Human telomerase catalyzes nucleolytic primer cleavage

  • Huard S
  • Autexier C
  • 31


    Mendeley users who have this article in their library.
  • 27


    Citations of this article.


Telomerase is a reverse transcriptase that uses an integral RNA molecule to add de novo G-rich repeats onto telomeric DNA, or onto nontelomeric DNA generated during chromosome fragmentation and breakage events. A telomerase-mediated DNA substrate cleavage activity has been reported in ciliates and yeasts. Nucleolytic cleavage may serve a proofreading function, enhance processivity or ensure that nontemplate telomerase RNA sequences are not copied into DNA. We identified and characterized a human telomerase-mediated nucleolytic cleavage activity using enzyme reconstituted in a rabbit reticulocyte lysate in vitro transcription/translation system and native enzyme extracted from cells. We found that telomerase catalyzed the removal of nucleotides from DNA substrates including those that can form a mismatch with the RNA template or that contain nontelomeric sequences located 3' to a telomeric sequence. Unlike Tetrahymena telomerase, human telomerase catalyzed the removal of more than one nucleotide (up to 13) from telomeric primers. DNA substrates predicted to align at the 3'-end of the RNA template were not cleaved, consistent with cleavage being dictated by the template 5'-end. We also found some differences in the nuclease activity between RRL-reconstituted human telomerase and native enzyme.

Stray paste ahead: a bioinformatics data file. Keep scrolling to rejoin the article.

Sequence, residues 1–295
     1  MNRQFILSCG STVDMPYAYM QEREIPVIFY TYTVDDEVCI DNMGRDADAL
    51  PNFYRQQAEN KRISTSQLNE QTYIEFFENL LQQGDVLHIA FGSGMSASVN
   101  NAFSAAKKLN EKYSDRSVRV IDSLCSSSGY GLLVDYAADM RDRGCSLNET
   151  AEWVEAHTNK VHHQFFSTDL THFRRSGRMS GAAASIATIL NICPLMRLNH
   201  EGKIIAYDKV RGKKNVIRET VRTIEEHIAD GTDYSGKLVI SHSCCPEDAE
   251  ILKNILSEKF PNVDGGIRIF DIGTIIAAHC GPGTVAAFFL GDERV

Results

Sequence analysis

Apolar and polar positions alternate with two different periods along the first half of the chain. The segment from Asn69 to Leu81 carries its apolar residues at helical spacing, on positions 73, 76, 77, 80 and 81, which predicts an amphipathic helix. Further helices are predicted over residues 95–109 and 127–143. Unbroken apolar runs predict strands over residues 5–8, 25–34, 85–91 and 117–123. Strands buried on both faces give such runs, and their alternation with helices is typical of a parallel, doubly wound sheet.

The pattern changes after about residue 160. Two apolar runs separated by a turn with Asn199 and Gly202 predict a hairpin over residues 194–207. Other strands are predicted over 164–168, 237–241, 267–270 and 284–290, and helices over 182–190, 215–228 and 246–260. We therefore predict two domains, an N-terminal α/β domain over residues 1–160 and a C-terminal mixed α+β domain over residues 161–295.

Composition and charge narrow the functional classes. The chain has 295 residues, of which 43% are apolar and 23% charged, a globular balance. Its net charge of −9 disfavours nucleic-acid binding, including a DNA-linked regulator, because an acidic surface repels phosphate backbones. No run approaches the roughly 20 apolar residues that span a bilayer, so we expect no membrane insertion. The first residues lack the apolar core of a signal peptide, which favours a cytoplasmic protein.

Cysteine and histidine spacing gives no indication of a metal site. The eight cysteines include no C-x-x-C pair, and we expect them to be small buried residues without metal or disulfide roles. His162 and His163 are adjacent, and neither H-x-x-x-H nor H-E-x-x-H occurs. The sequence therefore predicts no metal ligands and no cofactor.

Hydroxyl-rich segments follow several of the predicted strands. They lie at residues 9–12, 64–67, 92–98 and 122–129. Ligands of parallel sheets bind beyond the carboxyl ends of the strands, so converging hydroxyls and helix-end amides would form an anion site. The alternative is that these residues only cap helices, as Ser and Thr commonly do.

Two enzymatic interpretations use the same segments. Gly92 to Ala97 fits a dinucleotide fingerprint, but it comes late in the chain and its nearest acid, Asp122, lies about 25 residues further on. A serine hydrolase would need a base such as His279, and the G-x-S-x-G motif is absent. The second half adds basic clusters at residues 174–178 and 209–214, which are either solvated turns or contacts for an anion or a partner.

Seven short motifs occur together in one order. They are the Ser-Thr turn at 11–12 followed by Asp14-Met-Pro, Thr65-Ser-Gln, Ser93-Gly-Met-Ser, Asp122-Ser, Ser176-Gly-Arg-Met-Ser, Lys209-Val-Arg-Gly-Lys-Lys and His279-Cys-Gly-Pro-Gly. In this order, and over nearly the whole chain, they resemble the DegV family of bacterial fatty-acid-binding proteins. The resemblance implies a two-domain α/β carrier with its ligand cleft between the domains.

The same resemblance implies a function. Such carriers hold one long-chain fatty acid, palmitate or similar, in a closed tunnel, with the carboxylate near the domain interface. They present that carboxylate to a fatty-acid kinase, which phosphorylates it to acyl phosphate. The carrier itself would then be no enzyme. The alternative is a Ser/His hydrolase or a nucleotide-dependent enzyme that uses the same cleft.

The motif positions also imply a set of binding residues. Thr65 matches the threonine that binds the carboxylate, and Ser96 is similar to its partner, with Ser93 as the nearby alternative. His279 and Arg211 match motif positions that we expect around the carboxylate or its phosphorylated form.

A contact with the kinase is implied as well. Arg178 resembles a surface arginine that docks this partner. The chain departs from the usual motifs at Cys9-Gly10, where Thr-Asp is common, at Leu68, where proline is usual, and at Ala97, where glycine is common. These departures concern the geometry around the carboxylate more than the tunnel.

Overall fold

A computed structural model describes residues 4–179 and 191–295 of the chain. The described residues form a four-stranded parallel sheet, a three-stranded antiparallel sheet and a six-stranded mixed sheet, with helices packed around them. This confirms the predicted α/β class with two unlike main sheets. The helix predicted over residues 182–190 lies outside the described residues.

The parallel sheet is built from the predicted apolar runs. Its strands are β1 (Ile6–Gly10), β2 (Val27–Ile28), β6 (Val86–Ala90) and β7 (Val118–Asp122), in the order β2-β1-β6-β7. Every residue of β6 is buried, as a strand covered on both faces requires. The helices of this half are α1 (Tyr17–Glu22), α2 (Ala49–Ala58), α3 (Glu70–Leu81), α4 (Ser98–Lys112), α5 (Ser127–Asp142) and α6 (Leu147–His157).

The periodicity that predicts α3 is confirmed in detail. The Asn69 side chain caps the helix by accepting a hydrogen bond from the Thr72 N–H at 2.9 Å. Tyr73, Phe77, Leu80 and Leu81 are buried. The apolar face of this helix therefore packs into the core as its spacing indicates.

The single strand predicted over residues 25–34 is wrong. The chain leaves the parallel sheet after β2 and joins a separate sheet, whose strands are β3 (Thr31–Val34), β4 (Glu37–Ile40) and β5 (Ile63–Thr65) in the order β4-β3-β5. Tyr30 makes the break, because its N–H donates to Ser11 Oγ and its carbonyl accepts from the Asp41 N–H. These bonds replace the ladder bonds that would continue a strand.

Get free article suggestions today

Mendeley saves you time finding and organizing research

Sign up here
Already have an account ?Sign in

Find this document


  • Sylvain Huard

  • Chantal Autexier

Cite this document

Choose a citation style from the tabs below

Save time finding and organizing research with Mendeley

Sign up for free